Ebenezer Howard – planning for paradise

Ebenezer Howard / Public Domain
The apostle for a new way of life, Ebenezer Howard dreamt of a new world of 'garden cities'.
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With his bald head, bushy moustache and spectacles, Ebenezer Howard looked an unlikely visionary: photographs suggest that Nature intended him to be a provincial bank manager rather than an apostle of a new way of living. Yet it was Howard who, in 1898, announced a reforming project to the world: the garden city, published in a book underwritten from his own scant earnings called To-morrow: a Peaceful Path to Real Reform. In 1902, this was republished as Garden Cities of To-morrow.

Howard, born in 1850, grew up in the City of London, where his father had some confectionery shops. He left school at fifteen, working first as a clerk, then as a stenographer, for some time in the employ of an inspirational Congregationalist minister. At the age of twenty-one, he impulsively left for Nebraska. He failed as a farmer but was impressed by the rebuilding of Chicago after the 1871 Great Fire and the town planning of Frederick Law Olmsted. Chicago’s motto, as it happens, is Urbs in Horto – the City in a Garden. Coincidence? He said it was, but one wonders.

After five years, he came back to England, working as a short-hand writer, marrying and applying himself to an invention to improve the spacing of typewriters, which never took off. His interest in social issues emerged from his membership of the Zetetical Society, a forerunner of the Fabian Society, where he met the Socialist playwright George Bernard Shaw. After reading the American Edward Bellamy’s Looking Backward, which imagines the United States transformed into an ideal community in the year 2000, he was fired by ‘the splendid possibilities of a new civilisation, based on service to the community, and not on self-interest.’ Tomorrow was the result. It was only published when £50 was put towards the cost and Howard never received any royalties: the contract contained no provision for them, since none was expected.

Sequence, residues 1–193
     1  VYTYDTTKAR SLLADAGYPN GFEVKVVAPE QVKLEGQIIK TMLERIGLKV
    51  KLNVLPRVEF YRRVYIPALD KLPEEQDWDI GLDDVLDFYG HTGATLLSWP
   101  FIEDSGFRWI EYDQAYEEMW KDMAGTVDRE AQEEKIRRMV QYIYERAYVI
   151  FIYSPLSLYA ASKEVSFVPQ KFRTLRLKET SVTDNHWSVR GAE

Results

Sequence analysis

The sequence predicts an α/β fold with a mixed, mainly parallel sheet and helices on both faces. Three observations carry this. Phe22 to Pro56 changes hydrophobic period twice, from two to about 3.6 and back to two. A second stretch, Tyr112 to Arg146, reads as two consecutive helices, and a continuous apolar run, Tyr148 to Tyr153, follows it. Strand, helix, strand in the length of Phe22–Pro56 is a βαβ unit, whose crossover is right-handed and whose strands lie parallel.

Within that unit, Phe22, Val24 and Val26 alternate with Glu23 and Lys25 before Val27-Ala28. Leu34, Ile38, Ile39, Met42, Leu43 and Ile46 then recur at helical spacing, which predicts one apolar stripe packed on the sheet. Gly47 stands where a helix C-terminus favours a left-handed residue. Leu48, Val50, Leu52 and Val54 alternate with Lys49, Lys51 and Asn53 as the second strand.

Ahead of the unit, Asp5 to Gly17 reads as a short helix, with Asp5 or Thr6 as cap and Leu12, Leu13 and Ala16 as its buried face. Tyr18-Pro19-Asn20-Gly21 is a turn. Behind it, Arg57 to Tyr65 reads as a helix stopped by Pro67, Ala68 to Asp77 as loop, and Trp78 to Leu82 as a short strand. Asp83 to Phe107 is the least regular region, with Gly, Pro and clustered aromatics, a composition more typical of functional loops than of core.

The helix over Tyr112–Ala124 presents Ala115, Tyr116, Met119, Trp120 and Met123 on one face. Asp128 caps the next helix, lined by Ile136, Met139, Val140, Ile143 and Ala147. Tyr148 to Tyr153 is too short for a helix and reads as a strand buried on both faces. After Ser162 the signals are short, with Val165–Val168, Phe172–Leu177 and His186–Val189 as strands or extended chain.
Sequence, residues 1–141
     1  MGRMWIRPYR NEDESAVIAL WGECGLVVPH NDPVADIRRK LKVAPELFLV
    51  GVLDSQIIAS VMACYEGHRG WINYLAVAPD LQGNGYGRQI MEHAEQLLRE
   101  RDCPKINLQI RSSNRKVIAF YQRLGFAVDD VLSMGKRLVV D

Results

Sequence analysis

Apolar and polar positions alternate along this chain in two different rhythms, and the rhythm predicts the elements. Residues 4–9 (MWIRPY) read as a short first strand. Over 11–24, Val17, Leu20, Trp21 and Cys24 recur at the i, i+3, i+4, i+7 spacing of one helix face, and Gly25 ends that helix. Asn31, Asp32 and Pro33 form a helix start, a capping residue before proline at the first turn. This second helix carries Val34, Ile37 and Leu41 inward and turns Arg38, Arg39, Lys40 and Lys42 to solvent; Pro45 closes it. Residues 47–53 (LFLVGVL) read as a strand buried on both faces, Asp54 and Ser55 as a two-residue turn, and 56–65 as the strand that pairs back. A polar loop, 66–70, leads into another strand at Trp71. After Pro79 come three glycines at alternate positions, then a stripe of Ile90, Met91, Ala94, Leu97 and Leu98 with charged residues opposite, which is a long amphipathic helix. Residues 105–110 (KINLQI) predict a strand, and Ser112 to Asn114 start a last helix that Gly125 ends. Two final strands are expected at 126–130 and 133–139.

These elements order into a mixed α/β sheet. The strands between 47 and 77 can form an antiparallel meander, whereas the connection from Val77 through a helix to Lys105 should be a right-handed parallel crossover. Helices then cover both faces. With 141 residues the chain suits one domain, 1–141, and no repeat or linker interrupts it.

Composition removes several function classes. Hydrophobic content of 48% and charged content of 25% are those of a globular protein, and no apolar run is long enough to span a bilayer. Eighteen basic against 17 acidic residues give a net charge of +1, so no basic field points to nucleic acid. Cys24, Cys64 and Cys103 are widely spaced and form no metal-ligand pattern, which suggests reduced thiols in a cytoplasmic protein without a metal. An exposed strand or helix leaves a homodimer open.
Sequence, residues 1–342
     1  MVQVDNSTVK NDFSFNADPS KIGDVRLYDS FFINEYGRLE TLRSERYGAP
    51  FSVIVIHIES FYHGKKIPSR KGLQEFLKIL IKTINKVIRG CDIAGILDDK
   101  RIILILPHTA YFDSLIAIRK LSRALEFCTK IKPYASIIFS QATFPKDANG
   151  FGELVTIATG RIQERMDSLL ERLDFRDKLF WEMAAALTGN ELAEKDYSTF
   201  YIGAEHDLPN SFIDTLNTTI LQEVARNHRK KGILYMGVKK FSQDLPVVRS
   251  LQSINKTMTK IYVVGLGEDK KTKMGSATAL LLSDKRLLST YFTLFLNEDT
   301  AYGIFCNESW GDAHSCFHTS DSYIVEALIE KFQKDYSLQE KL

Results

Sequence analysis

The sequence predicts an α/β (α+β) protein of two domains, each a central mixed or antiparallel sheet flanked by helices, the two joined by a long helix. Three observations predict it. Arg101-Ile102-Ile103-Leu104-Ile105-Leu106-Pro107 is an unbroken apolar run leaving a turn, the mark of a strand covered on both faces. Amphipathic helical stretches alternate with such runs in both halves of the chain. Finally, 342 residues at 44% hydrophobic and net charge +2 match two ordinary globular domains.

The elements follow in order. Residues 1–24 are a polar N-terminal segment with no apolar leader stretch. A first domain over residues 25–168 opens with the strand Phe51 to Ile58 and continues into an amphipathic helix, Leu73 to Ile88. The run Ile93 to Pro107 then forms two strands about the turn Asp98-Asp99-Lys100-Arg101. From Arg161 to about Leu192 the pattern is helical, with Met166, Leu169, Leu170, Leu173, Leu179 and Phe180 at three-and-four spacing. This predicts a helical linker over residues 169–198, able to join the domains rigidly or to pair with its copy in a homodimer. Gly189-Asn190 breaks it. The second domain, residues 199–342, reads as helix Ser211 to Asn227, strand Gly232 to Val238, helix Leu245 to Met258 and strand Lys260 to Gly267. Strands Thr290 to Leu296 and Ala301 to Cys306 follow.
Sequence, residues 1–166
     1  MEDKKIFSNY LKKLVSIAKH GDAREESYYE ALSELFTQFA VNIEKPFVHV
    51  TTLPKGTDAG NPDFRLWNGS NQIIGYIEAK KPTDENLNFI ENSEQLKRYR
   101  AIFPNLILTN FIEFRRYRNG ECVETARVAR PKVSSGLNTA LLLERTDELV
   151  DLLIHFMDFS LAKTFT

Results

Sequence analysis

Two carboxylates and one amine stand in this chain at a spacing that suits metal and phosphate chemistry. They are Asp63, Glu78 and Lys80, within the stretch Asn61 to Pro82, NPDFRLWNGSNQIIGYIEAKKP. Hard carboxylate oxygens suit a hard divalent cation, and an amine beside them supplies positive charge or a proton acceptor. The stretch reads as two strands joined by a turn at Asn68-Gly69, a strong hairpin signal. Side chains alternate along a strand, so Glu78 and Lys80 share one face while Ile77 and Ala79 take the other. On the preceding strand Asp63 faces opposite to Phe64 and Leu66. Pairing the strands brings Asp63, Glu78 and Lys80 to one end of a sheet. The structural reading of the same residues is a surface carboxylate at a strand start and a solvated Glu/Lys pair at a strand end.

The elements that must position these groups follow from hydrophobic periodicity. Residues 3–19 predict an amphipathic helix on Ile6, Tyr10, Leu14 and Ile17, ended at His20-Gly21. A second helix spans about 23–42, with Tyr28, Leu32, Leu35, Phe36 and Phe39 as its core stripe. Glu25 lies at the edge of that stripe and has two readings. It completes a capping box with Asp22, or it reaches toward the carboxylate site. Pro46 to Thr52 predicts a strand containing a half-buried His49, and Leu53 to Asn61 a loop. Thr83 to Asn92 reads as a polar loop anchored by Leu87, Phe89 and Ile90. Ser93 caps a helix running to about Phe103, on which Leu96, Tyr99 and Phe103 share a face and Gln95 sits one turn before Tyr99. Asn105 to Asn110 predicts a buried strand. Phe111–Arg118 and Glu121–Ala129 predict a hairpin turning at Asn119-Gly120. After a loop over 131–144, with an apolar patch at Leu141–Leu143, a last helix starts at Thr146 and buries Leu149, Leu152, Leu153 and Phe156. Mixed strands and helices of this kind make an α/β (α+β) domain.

The condition of Victorian England was the reverse of today. Cities were slum-ridden, smoke-blackened and riddled with disease and prostitution. Country areas suffered depopulation. Howard proposed killing both evils with one stone. A ‘new life, a new civilisation’ would arise from the garden cities, planned by ‘scientific methods,’ that set homes and workplaces amid fresh, healthful countryside. They would be latticed with green paths for walking and bicycling, with protected farmland around the edge, and all needs would be met from their own resources.